Turaki lists qualities of ideal president
Turaki, who is also the immediate past Minister of Special Duties and Intergovernmental Affairs, tasked Nigerians on increased active interest in the country’s governance, stressing that the variables for determining political leadership have changed, as people now look beyond the character of political parties to the qualities of the candidates for elective offices.
He said this, when the National Executive Committee of the Nigerian Political Science Association (NPSA), led by Professor Aloysius Michael Okolie of the University of Nigeria, Nsukka, visited his campaign office to know his agenda for improving the lots of the masses.
He said: “A presidential material at this juncture of the nation’s history “must be someone with integrity, credibility, well educated, knowledgeable, experienced and able to build strong bridges of unity across the country.
It must be somebody that will treat Nigerians equitably and decently, and above all, have the fear of God.”
While assuring the association that he has the vision and the necessary political will to lead the country, Turaki vowed to bring back trust, sense of responsibility and rule of law into governance.
He listed his priority areas, if elected as tackling insecurity, addressing the critical question of unity, including restructuring from different facets to promote equity and fairness, revitalising the economy, pursuing scientifically-driven and value-added agriculture, infrastructural development and educational development driven by technology and geared toward employment generation.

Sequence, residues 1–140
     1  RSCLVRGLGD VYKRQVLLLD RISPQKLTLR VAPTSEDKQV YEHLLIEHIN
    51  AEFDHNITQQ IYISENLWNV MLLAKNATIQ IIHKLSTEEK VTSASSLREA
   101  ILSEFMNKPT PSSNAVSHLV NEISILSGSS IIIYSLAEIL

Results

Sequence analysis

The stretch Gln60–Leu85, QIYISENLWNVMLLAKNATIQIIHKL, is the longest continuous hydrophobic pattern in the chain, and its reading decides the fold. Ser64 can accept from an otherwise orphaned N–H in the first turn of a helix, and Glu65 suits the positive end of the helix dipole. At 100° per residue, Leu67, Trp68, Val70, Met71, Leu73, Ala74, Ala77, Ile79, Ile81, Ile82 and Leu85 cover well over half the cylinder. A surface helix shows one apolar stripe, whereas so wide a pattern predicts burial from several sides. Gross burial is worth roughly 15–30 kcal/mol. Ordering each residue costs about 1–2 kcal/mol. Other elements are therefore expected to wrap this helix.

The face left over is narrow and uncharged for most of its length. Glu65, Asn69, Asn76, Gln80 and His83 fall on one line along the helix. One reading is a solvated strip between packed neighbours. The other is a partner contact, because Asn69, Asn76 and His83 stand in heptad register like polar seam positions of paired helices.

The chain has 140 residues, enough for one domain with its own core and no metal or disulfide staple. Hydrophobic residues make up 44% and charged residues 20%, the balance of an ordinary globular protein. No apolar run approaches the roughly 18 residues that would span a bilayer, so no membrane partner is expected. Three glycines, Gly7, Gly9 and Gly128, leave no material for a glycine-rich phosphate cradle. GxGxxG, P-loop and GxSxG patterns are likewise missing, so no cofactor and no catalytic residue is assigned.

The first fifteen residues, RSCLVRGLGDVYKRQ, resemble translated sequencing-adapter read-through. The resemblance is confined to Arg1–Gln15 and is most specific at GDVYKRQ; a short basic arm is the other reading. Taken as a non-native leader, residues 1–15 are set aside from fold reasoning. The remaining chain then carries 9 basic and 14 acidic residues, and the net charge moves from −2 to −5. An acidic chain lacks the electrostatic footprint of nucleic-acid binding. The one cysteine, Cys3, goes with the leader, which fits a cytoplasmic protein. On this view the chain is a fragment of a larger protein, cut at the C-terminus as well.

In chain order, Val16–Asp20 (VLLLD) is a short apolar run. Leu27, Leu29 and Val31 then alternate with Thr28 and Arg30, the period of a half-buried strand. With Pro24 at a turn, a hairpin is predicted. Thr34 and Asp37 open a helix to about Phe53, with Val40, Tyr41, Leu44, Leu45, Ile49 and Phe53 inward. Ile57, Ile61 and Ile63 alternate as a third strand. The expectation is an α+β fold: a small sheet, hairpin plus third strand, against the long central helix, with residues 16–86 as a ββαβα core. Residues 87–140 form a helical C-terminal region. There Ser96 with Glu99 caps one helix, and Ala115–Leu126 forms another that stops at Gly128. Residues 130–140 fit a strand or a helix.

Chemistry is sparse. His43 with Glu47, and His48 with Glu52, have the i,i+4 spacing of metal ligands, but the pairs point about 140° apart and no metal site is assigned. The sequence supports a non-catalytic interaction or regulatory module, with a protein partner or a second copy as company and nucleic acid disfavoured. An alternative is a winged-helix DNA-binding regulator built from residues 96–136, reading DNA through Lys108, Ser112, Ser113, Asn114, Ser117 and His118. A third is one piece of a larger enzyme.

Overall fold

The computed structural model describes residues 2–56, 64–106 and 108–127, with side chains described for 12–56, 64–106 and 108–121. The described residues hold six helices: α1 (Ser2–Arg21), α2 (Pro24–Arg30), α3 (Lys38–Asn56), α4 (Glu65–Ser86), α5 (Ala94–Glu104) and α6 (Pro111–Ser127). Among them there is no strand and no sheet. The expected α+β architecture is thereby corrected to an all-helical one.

Turaki said implementing the 2014 National Political Report Conference report “would have largely addressed the problems of restructuring, equity and fairness,” which triggered and heightened agitations for ethnic self-determination.
On the spate of killings and insecurity in the country, he expressed disappointment at the non-implementation of the report of the Presidential Committee on Dialogue and Peaceful Resolution of the Security Challenges in the northeast, which he chaired.
He said the committee’s report would have greatly addressed the issue of Boko Haram insurgency and other security challenges, such as armed banditry and the farmers-herdsmen perennial clashes.
Professor Okolie, who noted that Turaki is sufficiently educated, decried the level of deficit in governance in the country, and commended the presidential aspirant for his capacity and valuable ideas.
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